“Andres Bonifacio: Maypagasa” (Sesquicentennial Tribute)

Program: Cheche Lazaro Presents (Episode 19)
Presented by: Unlimited Productions, Inc. and ABS-CBN News and Current Affairs
Aired on: November 23, 2013 (ABS-CBN Sunday’s Best)

VIDEO LINK: http://www.probetv.com/2014/04/clp-19-andres-bonifacio-maypagasa/
SYNOPSIS

Next to Dr. Jose Rizal, he is the second most popular national hero, yet there is scant verified information about Andres Bonifacio, founder and Supremo of the Katipunan; the father of the Philippine revolution. From his looks down to the circumstances of his death, details about Bonifacio’s life have been subject to so much speculation and controversy.

On his 150th birth anniversary, Cheche Lazaro Presents celebrates the life of the hero who espoused armed resistance against the colonial power and died in the hands of his fellow Filipino revolutionaries.

In an hour-and-a-half-documentary, broadcast journalist Cheche Lazaro joins historians and descendants of members of the Katipunan who worked with or crossed the path of Bonifacio in piecing together a more accurate picture of the tragic hero — his views, and the revolution that he led. Their accounts, which sometimes contradict “traditional” history books, provide a new perspective to the Bonifacio and the Katipunan that most Filipinos never knew.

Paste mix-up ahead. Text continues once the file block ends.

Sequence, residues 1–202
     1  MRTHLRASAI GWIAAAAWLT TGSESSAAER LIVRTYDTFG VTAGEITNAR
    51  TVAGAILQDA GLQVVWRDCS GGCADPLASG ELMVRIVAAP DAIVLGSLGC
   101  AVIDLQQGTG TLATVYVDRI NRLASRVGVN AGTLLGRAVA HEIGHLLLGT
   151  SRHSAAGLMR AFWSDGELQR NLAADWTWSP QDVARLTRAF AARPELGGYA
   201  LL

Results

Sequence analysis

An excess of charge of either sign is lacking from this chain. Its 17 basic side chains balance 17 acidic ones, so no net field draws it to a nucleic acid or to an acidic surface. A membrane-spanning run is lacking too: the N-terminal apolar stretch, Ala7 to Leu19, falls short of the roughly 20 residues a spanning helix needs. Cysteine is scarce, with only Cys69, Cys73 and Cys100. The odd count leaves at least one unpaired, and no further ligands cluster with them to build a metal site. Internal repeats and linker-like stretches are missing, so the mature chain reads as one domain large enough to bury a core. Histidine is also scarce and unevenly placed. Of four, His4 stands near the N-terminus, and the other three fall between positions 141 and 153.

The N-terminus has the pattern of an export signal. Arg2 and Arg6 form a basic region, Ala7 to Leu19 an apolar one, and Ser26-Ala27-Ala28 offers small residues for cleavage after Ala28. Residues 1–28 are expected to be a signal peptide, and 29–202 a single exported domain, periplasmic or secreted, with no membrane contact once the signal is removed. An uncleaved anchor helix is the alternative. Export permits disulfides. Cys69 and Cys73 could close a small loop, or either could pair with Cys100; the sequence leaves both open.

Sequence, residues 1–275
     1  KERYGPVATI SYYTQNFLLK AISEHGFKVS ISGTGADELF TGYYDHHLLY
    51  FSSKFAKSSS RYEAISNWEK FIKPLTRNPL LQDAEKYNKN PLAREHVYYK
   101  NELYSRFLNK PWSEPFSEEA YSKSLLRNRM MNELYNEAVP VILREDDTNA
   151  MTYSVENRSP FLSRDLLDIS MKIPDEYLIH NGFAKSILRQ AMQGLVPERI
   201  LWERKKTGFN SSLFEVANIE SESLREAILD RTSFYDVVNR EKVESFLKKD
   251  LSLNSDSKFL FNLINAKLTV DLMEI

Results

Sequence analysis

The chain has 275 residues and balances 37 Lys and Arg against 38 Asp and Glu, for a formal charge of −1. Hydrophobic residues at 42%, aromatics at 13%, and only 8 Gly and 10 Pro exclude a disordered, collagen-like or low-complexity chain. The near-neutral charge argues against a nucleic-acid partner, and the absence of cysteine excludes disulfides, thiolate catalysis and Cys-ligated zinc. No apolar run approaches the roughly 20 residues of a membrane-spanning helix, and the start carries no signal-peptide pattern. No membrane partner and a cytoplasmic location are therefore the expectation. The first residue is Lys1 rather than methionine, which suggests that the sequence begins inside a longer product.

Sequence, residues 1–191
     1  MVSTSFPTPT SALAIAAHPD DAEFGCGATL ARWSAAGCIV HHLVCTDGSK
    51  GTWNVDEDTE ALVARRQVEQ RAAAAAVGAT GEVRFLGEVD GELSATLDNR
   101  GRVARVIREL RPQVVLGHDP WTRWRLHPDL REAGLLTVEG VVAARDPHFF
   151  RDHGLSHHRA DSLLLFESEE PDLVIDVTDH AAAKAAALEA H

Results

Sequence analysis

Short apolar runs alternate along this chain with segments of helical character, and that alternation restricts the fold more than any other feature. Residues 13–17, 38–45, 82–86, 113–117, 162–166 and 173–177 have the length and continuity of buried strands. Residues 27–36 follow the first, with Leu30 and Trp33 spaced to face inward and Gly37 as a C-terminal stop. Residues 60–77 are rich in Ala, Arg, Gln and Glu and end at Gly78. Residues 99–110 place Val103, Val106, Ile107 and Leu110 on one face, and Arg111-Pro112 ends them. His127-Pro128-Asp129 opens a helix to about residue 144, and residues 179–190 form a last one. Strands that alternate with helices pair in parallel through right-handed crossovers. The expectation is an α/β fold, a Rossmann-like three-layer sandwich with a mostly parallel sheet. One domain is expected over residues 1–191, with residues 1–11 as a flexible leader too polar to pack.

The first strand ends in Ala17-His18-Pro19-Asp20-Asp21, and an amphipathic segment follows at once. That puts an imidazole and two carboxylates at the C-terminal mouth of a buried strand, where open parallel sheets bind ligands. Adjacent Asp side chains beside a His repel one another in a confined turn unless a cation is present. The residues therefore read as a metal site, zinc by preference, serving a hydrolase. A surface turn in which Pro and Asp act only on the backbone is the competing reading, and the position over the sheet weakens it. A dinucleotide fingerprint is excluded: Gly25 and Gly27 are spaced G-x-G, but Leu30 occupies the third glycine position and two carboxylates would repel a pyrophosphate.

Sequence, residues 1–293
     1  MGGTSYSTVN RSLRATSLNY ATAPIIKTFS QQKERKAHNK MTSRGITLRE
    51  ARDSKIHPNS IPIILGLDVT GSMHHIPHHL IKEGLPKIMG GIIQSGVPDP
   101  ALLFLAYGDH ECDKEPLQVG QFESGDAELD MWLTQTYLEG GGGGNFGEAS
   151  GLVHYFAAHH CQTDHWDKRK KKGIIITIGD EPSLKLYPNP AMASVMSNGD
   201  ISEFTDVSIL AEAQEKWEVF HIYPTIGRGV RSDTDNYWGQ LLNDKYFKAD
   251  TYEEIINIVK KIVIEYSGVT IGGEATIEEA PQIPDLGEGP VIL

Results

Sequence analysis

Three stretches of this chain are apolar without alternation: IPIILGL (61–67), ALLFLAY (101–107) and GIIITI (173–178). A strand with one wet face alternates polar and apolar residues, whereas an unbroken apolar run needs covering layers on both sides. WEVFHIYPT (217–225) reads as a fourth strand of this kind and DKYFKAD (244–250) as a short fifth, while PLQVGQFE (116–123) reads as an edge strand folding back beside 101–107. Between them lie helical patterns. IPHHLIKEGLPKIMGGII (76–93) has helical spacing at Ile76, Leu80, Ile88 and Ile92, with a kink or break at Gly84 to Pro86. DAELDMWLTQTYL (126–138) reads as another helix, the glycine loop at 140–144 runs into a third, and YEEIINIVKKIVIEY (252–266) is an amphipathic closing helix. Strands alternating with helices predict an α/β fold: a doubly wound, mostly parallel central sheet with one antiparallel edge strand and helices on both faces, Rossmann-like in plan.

Of great significance in the retelling of Bonifacio’s life and times is the documentary’s use of new information from the Archivo General de Madrid about the Katipunan. More-than-a-century-old, the documents are written in Tagalog and turned over by Spain to the National Historical Commission of the Philippines. These included correspondence among the Katipunan hierarchy such as Bonifacio, Emilio Jacinto, Dr. Pio Valenzuela as well as ordinary Katipons or Katipuneros.

By itself, the archive documents have the effect of rewriting portions of Philippine history. Among other things, it debunks the prevailing belief that Rizal’s La Liga Filipina was a precursor of the Katipunan. Six months before the birth of La Liga Filipina, Bonifacio’s Katipunan was already in place with a clear vision and organized system of government guided by strict morals.

History is replete with so many gaps, inconsistencies, and perhaps, in some instances, untruths. The story of Andres Bonifacio, aka May Pag-asa, the Katipunan and the 1896 Revolution deserves another retelling — even if it is more than a century later.

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